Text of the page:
Ever since the cyber world is being affected by the intruders, people working on the cyber security area have started to identify and name different types of cyber threats. Zero-day threat or Zero-day exploit is such an event. Let’s get to know more about it and how to stay safe from such zero-day attacks & vulnerabilities.
In the basic number line, what comes before 1? Most will agree, 0.
In the cyber world, a zero-day threat refers to such a threat or vulnerability for which the cyber security providers have “zero day” to create an answer to protect the affected devices.
Basically, a cyber threat which is yet to be known or discovered by the software vendor or the public. The name Zero-day comes from the idea that there is no time (aka Zero-day) to fix or patch the vulnerability before it does the damage.
Like most other cybert hreats, Zero-day threats can be leveraged by attackers to gain unauthorized access, compromise systems, steal data, or perform other malicious activities without the knowledge of the software developers or the victims. These vulnerabilities are particularly more dangerous because there is no patch or fix available at the time of discovery. It leaves the affected software and its users vulnerable to exploitation until a fix is developed and deployed.
There are two sides to a zero-day threat’s discovery. If discovered by a perpetrator, any zero-day vulnerabilities will most likely be kept secret and sold to other malicious actors on the black market. On the other hand, when security researchers or white-hat hackers discover something similar. they report these vulnerabilities to the software vendor, allowing them to develop a patch or mitigation before it can be exploited by cyber criminals.
As per the definition, Zero-day threats are not “preventable” by that sense. These threats are unknown to software vendors and security experts. That means, you can not prevent a threat that is yet to be discovered. However, it never means that you have nothing to do against such a threat. In fact, it’s the opposite, the safety mostly depends on you, the user. Some best practices are also applicable here. Let’s look at the remedies that can keep you safe from such unfortunate events.
Regular Software Updates: A strong step against such vulnerabilities is keeping the software updated. All your operating system, applications, and security software should be up to date. Vendors often release patches and updates that address known vulnerabilities, reducing the risk of exploitation.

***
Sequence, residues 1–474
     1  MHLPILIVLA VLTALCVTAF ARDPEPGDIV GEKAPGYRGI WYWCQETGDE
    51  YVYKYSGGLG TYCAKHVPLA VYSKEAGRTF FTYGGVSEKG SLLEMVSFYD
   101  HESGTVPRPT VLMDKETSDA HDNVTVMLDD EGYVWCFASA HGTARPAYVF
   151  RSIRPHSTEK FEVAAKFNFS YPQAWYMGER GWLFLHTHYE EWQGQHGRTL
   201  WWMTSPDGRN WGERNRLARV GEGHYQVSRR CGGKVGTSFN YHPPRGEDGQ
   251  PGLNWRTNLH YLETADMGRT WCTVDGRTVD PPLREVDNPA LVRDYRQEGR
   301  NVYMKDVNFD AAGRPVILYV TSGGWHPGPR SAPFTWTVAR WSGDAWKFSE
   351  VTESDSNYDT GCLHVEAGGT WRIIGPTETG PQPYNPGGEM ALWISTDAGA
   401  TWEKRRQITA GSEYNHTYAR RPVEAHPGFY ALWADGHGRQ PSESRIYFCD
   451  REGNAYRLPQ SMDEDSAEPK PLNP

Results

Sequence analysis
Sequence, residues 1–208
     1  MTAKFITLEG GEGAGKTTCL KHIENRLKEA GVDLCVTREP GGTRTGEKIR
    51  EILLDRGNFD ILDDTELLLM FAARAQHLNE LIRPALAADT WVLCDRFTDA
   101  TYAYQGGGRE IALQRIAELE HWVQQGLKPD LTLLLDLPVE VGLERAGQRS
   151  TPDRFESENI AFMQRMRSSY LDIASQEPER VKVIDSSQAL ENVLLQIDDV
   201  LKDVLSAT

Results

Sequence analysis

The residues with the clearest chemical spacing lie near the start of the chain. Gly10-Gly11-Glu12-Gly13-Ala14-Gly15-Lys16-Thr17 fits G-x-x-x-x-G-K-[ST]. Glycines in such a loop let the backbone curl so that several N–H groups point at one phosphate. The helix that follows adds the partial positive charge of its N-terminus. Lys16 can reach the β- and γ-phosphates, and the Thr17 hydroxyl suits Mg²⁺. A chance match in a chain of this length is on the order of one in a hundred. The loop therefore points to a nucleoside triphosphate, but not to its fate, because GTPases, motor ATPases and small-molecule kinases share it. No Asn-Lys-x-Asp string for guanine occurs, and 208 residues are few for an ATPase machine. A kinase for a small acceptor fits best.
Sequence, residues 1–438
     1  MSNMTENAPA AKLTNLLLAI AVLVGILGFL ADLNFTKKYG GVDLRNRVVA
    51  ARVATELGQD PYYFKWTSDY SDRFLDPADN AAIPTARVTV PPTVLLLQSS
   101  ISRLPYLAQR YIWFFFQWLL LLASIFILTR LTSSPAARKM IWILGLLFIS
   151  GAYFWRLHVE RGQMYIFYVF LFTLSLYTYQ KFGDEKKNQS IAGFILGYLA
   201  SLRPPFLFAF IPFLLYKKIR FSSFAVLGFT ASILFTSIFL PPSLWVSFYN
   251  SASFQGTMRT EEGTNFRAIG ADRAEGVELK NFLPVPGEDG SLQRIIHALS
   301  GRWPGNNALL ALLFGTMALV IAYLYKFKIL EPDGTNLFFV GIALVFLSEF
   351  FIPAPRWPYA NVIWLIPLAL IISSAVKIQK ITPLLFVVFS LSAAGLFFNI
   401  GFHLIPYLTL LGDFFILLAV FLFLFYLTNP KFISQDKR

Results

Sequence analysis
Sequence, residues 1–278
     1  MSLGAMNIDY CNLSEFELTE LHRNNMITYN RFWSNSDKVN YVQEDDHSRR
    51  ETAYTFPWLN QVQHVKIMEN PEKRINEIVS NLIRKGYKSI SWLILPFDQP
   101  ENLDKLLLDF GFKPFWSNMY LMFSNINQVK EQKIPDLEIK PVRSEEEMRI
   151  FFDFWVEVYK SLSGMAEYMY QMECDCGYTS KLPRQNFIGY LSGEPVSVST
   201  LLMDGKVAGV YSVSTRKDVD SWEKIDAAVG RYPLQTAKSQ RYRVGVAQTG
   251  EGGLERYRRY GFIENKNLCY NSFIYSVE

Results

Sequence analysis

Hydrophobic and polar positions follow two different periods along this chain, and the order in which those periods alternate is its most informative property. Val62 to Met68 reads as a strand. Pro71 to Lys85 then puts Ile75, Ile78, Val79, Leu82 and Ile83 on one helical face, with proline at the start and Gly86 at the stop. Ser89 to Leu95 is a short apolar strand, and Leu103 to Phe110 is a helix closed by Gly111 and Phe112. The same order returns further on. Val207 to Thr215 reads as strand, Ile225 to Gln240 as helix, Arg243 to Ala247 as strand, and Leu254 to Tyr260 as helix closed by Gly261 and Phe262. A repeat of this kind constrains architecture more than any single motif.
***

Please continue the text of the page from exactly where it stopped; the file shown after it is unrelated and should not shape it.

Defense-in-Depth Strategy: Multi-layered approach can help detect and prevent different types of attacks, including zero-day threats. Employ multiple layers of security controls, including firewalls, intrusion detection systems (IDS), intrusion prevention systems (IPS), antivirus software, and endpoint protection.
Network Segmentation: Divide your network into segments or zones, separating critical systems and data from the rest of the network. By limiting access and isolating sensitive resources, you can contain the impact of a zero-day threat if one occurs.
Vulnerability Management: Regularly scan and assess your systems and applications for vulnerabilities. Use vulnerability management tools to identify weaknesses and prioritize patching based on the severity of the vulnerabilities.
Intrusion Detection and Prevention: Deploy intrusion detection and prevention systems (IDS/IPS) to monitor network traffic for suspicious patterns or anomalies. These systems can help detect and block zero-day threats by identifying unusual behavior.
User Education and Awareness: At the end of the day, if the user is not aware enough, there will be casualties. So, educate users about safe online practices like avoiding suspicious websites, not opening email attachments from unknown sources, and being cautious when clicking on links. User awareness can help prevent the initial infection vectors often used in zero-day attacks, such as phishing emails or malicious websites.
Threat Intelligence: Stay updated on the latest security threats and vulnerabilities by monitoring industry news, security blogs, and subscribing to threat intelligence services. This information can help you understand emerging zero-day threats and take appropriate preventive measures.
Incident Response Plan: A zero-day attack can happen anytime, so a plan to mitigate the situation should be available. Develop an incident response plan to guide your actions in the event of a zero-day attack. This plan should include steps for containing the threat, investigating the impact, and recovering systems and data.
It’s important to remember that while these measures can significantly reduce the risk of zero-day threats, they cannot guarantee complete protection. It’s crucial to stay vigilant, keep systems updated, and be prepared to respond effectively to any security incident.